The perils of accepting a “sustainable” food label without the bigger picture
by Sally Campbell
BioMar, a Danish Company, is one of the leading suppliers of “high performance” fish feed to the aquaculture industry worldwide. BioMar operates 13 feed factories including one at Grangemouth, Scotland. According to its own figures, roughly one out of five farmed fish produced in Europe, South and Central America is fed on BioMar fish feed. Worldwide, the BioMar Group supplies feed to around 60 countries and to more than 45 different fish species. A recent fire at the Grangemouth plant had SEPA responding to complaints of “fishy smells”. So, what was causing the smell? On investigation of BioMar’s website, and specifically their 2017 Sustainability Report these are the fish used in fishmeal and fish oil feed:
Fish meal and Fish oil used in BioMar in 2017 (MT=metric tonnes)
|Species||Volume (MT)||Share||Species||Volume (MT)||Share|
It is hard not to notice how many of these species are currently under well-publicised threat from overfishing. The costs of over-fishing around the world are well known with the loss of livelihoods for inshore communities and the removal of effective food availability for the folk in these communities and also for all classes of sea birds and marine species, causing a profound knock-on effect for regional biodiversity.
It is widely recognised that sand eels and krill are overfished. The Aquaculture Stewardship Council (ASC) is now up and running, “certifying environmentally and socially responsible seafood”. It is the opinion of many environmental NGO’s that salmon aquaculture in open sea pens should never qualify under this label as no marine salmon farm in Scotland is environmentally responsible, emptying its faecal waste, neurotoxins and antibiotics untreated into our sea lochs and coastal waters.
Whilst BioMar, in common with many fish meal producers, heralds “sustainability” labels for the fish they utilise, it is clear that these labels are marketing ploys, sometimes even known by environmental groups as “greenwash”, rather than being markers of a production judged against vigorous ecosystem sustainability criteria. By choosing seafood with the “Blue” MSC label for example we are told: “you are helping to protect oceans, livelihoods and fish for the future.” However, certification does not consider the wider ecosystem services. A sad example of the complexities of this, and that we ignore at our peril, is the research that has been conducted on the adverse effects of krill fishing on penguin chicks in the Antarctic. Krill makes up a large proportion of reconstituted fish meal and the more krill fished from these cold southerly waters means less krill for the local wildlife.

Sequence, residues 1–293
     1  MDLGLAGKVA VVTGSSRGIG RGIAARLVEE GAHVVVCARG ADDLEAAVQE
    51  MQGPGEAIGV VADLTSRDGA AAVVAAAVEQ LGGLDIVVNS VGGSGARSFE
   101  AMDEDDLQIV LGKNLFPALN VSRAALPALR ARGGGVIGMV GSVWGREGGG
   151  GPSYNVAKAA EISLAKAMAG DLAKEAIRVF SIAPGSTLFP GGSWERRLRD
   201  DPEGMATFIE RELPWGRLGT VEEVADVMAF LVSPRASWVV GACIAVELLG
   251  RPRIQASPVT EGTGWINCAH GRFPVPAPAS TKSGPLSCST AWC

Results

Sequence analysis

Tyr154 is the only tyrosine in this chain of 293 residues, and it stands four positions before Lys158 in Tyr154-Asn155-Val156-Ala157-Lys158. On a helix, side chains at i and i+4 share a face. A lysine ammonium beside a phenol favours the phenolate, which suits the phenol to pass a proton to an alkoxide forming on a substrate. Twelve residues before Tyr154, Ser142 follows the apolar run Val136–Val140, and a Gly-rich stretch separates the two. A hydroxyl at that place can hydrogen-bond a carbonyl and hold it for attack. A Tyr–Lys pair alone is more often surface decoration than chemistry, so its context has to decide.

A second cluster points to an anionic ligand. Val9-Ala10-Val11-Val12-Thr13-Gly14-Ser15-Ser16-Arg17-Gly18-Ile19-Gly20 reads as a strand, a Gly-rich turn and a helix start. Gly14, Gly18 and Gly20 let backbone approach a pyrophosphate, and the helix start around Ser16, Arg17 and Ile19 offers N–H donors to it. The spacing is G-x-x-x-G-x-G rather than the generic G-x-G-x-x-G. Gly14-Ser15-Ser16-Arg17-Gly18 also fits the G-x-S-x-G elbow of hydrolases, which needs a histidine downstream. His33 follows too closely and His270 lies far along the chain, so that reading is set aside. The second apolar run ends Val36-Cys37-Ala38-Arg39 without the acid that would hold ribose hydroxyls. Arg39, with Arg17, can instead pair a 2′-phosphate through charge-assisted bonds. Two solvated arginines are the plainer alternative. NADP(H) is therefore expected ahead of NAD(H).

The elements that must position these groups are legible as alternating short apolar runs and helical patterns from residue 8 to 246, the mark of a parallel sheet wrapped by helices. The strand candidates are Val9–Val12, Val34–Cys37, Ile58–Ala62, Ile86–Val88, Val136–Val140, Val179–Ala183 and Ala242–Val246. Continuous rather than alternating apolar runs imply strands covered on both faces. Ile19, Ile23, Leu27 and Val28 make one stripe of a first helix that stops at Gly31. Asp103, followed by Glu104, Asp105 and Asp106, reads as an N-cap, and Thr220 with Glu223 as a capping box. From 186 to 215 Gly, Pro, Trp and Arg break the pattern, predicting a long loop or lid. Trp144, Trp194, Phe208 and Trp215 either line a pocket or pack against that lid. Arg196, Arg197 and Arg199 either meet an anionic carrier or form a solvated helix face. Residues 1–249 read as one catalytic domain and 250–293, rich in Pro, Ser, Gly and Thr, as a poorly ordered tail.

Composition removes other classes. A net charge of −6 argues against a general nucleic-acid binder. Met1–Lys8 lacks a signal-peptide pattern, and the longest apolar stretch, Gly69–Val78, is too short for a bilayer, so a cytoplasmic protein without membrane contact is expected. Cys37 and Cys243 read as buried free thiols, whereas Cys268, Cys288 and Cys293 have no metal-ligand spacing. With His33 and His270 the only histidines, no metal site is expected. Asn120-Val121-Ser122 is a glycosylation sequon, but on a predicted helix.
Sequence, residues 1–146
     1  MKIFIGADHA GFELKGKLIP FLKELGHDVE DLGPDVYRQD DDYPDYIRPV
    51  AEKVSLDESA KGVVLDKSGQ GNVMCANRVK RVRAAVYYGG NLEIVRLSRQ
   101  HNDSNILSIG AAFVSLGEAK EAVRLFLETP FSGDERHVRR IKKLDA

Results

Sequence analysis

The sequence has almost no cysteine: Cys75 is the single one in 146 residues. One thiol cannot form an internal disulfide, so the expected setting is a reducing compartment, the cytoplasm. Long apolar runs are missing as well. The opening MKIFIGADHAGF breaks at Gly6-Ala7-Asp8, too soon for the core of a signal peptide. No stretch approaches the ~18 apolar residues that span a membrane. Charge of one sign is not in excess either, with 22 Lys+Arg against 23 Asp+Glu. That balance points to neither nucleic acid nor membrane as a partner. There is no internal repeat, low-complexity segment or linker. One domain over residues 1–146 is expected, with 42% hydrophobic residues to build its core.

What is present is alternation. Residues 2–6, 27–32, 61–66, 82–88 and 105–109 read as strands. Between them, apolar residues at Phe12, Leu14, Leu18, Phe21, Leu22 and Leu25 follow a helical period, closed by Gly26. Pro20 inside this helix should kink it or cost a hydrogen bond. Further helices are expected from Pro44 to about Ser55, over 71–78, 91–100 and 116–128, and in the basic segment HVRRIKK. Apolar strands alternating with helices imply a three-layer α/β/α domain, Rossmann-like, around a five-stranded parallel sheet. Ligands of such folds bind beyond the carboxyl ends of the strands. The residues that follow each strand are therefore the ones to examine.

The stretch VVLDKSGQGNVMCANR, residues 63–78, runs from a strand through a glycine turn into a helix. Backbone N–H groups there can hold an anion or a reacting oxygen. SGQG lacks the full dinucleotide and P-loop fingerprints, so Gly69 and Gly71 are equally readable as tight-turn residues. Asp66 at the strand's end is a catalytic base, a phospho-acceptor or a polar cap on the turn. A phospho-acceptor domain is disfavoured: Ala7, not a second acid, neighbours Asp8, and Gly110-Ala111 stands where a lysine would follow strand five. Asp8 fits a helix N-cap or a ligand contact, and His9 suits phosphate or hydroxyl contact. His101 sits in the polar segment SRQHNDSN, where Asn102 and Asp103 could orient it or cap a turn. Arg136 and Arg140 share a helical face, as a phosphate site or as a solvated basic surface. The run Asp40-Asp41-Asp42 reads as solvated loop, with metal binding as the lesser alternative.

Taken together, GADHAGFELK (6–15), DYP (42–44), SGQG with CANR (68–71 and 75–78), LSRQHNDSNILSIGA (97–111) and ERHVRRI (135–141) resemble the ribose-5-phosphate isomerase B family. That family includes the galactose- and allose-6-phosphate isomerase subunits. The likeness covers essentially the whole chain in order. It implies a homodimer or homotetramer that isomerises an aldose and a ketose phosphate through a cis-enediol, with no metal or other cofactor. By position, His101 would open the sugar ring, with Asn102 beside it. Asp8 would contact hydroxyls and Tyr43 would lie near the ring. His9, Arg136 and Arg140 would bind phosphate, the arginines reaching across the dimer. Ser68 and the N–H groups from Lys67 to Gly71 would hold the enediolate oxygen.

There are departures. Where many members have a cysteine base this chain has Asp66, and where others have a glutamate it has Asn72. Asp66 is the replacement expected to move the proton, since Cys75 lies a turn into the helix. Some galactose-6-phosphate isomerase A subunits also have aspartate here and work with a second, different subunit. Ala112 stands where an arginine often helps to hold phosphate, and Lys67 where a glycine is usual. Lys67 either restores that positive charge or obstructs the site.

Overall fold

The main supplier of krill from Antarctica to BioMar is AkerBiomarine which boasts a “Blue label”. In July 2018 representatives from the seafood industry (including BioMar) and environmental NGOs led by Greenpeace, have collectively stated support for the creation of marine protected areas, including large no-fishing zones in the Antarctic. This will affect krill fishing in that region and is an acknowledged response to research which showed the effects of depleting waters of their krill populations. Krill is a rich ingredient for aquaculture feeds not only for its fish health and nutrition properties being a more “natural” food for the farmed fish but also because it is a natural source of carotenoids which give salmon and shrimp their pink colour.
This major announcement from a group of the largest krill fishing companies will see nearly all krill companies operating in the Antarctic voluntarily stop fishing in extensive areas around the Antarctic Peninsula, including ‘buffer zones’ around breeding colonies of penguins, to protect Antarctic wildlife, and represent 85% of the krill fishing industry in the Antarctic. This is an enlightened outcome as a result of groups of conflicting interests in a complex picture coming together to try to reach a collective agreement. However, it means that the fish meal, if production of farmed fish is to remain at the levels it currently is at, will have to be compounded from a modified mix of ingredients.
Other Ingredients of fish meal:
So, in 2017 BioMar’s breakdown in the total feed:
48% dry plant material
18% marine dry matter
15% plant oils
9% marine oils
5% land animal ingredients
In 2017 116,068 tonnes of feed from BioMar went to Atlantic salmon farms, 65% of their feed production in that year. These vegetable products shown above reduce the Fish In-Fish Out (FIFO) ratio, which they herald as contributing to increasing sustainability of fish stocks. Once again this is a clear example of ignoring a complex system that does not just involve one activity. To feed farmed salmon, more soya and palms are required, which can disrupt an ecosystem in another part of the world. This to some extent moves the largely unsustainable farming from the sea to the land. The wild salmon is a carnivorous fish, whilst for farmed salmon the main ingredient of feed in BioMar’s products is vegetable matter such as soya bean and palm products. BioMar is further researching different plant products for their feed and are now in the process of identifying with partners Panghea, a by-product from guar-gum that could be a source of protein for aquaculture. The project was born out of the need to further reduce the dependence on marine based fishmeal and fish oil and the original concept focused on fish feed solutions for salmon. Guar is an arid region plant with tolerance to drought and high temperatures, making it a good crop option in desert regions. The climate in Northwest India and Southeast Pakistan has periods of monsoon and drought cycles, to which the guar plant has become adapted over millennia.